What is wood fibre and how is it made?

Wood fibre insulation was introduced about 20 years ago, after the engineers from the timber producing areas of Europe devised new ways of transforming timber waste into insulation boarding.

The success of wood fibre insulation is all thanks to an attractive and environmentally friendly profile with a number of functions, including rigid insulation for floors and roofs as well as insulation for studs and rafters.

Wood is of course renewable, it locks in carbon during growth and is relatively free from pollution. It also has typically low u-values, meaning it is an effective material as an insulator as it lets little heat pass through (as shown in this diagram below).


Graphics courtesy of www.thegreenage.co.uk

Another key feature is the breathability of wood fibre, which helps moisture to be regulated as well as the density of the material which adds a degree of decrement delay (in simple terms, takes longer for heat to pass through) which is always useful for those hot summer days and prevents the building turning uncomfortably hot. When we refer to wood fibre being ‘breathable’ it also relates to the hygroscopic nature of the product. This is the ability of the material to absorb and release moisture from the atmosphere as the humidity rises and falls.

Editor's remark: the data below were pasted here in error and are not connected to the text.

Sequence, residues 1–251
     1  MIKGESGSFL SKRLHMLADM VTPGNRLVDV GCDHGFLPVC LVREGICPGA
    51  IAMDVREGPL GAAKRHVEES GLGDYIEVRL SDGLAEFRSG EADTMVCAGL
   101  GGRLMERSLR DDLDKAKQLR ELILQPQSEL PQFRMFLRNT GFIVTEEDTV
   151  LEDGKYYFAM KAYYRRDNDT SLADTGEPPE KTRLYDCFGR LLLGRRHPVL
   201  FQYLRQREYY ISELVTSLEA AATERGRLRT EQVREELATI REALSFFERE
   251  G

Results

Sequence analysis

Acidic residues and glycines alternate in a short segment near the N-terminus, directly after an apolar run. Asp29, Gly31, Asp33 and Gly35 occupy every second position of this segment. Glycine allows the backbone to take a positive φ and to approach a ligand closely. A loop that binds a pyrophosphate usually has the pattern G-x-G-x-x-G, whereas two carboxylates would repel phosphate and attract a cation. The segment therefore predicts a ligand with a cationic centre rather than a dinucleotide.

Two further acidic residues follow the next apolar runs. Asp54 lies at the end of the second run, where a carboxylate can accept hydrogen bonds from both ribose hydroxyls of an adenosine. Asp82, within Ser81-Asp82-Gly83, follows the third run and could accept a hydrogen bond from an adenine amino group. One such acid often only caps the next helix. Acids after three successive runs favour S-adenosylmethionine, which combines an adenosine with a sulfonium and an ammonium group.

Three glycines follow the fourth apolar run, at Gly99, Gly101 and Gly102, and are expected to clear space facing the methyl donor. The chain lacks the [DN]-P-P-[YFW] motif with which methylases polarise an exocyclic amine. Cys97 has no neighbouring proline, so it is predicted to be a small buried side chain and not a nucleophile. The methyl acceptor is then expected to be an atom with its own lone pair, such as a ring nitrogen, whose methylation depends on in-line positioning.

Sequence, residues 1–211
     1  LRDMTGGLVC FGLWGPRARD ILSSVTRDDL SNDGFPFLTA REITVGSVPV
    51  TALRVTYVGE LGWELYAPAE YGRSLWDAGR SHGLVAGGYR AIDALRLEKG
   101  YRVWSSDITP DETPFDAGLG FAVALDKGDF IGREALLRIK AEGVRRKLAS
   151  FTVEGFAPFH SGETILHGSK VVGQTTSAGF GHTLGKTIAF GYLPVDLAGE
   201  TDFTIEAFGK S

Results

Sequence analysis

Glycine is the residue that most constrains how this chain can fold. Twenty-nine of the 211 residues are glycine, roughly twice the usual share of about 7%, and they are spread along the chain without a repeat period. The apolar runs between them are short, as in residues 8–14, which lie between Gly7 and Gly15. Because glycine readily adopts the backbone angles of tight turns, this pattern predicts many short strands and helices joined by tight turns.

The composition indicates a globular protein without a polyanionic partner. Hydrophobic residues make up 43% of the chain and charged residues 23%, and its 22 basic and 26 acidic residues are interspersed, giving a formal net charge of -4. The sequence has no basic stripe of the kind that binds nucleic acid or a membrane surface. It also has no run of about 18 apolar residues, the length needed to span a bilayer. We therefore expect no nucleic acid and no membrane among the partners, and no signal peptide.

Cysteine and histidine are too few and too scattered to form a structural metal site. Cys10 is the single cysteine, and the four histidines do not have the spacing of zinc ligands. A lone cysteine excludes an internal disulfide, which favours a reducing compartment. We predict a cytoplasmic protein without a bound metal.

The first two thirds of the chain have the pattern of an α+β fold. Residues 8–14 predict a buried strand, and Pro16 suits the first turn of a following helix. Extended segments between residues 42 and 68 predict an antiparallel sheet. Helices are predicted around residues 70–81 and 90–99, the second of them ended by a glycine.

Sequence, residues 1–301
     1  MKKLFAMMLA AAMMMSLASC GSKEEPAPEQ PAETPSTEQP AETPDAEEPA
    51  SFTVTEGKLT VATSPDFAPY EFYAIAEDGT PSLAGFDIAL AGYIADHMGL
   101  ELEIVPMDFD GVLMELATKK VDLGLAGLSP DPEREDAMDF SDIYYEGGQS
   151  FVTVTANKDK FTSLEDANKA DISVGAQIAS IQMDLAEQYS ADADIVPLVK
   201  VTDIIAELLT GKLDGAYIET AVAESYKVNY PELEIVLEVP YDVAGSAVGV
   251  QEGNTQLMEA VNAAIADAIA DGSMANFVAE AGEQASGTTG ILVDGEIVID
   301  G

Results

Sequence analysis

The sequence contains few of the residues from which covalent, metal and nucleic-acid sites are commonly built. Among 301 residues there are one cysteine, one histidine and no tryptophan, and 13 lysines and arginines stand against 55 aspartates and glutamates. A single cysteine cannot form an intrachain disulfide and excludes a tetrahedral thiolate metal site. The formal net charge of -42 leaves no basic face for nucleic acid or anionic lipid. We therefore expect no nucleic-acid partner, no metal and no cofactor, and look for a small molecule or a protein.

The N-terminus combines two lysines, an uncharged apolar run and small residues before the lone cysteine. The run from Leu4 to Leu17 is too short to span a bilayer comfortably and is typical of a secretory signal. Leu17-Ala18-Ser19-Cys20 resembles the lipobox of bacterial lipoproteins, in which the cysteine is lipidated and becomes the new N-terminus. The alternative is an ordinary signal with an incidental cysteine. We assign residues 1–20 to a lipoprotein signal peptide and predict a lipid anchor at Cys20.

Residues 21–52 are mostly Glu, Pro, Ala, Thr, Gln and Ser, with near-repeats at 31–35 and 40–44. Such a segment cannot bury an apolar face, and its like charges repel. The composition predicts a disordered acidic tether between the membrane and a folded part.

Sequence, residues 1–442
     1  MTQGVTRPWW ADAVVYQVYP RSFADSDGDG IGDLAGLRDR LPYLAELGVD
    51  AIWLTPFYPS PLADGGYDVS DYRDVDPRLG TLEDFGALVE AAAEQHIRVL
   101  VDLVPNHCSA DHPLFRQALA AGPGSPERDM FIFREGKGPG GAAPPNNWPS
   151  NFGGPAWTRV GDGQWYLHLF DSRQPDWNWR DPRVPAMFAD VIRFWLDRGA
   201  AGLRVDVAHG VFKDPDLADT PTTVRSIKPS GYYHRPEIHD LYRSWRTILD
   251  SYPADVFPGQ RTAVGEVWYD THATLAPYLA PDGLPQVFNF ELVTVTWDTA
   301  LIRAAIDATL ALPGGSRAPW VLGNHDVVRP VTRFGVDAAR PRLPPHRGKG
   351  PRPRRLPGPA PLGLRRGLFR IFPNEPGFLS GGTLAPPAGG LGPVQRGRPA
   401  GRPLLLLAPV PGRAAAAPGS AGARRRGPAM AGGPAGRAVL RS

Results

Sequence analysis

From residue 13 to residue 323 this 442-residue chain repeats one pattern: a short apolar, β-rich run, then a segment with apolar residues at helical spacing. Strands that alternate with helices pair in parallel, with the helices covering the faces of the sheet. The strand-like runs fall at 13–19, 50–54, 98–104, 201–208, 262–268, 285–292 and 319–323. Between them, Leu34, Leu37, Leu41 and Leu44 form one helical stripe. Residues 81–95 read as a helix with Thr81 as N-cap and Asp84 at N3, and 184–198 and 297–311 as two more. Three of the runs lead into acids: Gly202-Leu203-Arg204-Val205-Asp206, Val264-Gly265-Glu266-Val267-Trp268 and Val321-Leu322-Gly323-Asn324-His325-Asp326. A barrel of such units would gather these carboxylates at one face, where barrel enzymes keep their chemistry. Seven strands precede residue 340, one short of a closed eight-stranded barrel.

Pro’s and Cons’.

 Wood fibre is usually imported from another country which adds to its embodied energy.

It’s treated with paraffin wax which derives from a petrochemical substance. 

↓ Rigid boards can be fragile.

Wood fibre contains a high percentage of what would otherwise be waste material. 


↑ Locks in co2 emissions during tree growth.

 Hygroscopic – meaning it provides humidity control to prevent damp.

↑ Decrement delay – meaning it takes longer for heat to pass through.

 Finally, and usually the most attractive, it significantly reduces energy costs to the home.

Although Wood fibre is typically the most expensive material we use for insulation, it undoubtedly has the most benefits. With the breathability of the product, you can rest assured your externally insulated property will keep your home cosy, whilst the carbon neutral aspect of the material will give you that peace of mind in knowing you’re significantly reducing your Co2 emissions and therefore contributing to saving our planet.


Written by Leanne Groves.